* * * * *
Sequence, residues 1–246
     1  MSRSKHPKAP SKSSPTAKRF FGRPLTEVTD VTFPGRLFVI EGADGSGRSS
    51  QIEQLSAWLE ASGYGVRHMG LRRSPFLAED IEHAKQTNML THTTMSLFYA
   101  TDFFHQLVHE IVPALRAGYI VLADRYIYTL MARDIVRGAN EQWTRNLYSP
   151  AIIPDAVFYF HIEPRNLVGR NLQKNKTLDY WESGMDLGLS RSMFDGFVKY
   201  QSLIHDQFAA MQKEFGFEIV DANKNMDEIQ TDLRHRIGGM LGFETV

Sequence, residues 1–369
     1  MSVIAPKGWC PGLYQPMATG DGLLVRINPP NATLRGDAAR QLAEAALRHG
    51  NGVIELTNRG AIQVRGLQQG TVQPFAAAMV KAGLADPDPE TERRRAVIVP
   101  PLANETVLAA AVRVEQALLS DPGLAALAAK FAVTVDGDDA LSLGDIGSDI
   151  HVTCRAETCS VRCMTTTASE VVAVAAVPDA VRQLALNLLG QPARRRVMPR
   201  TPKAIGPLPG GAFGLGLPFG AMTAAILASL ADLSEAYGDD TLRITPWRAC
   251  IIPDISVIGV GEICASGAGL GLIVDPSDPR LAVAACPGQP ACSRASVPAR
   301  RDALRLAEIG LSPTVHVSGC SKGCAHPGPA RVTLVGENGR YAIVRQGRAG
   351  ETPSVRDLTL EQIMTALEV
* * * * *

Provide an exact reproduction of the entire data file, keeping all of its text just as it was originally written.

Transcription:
Sequence, residues 1–246
     1  MSRSKHPKAP SKSSPTAKRF FGRPLTEVTD VTFPGRLFVI EGADGSGRSS
    51  QIEQLSAWLE ASGYGVRHMG LRRSPFLAED IEHAKQTNML THTTMSLFYA
   101  TDFFHQLVHE IVPALRAGYI VLADRYIYTL MARDIVRGAN EQWTRNLYSP
   151  AIIPDAVFYF HIEPRNLVGR NLQKNKTLDY WESGMDLGLS RSMFDGFVKY
   201  QSLIHDQFAA MQKEFGFEIV DANKNMDEIQ TDLRHRIGGM LGFETV

Sequence, residues 1–369
     1  MSVIAPKGWC PGLYQPMATG DGLLVRINPP NATLRGDAAR QLAEAALRHG
    51  NGVIELTNRG AIQVRGLQQG TVQPFAAAMV KAGLADPDPE TERRRAVIVP
   101  PLANETVLAA AVRVEQALLS DPGLAALAAK FAVTVDGDDA LSLGDIGSDI
   151  HVTCRAETCS VRCMTTTASE VVAVAAVPDA VRQLALNLLG QPARRRVMPR
   201  TPKAIGPLPG GAFGLGLPFG AMTAAILASL ADLSEAYGDD TLRITPWRAC
   251  IIPDISVIGV GEICASGAGL GLIVDPSDPR LAVAACPGQP ACSRASVPAR
   301  RDALRLAEIG LSPTVHVSGC SKGCAHPGPA RVTLVGENGR YAIVRQGRAG
   351  ETPSVRDLTL EQIMTALEV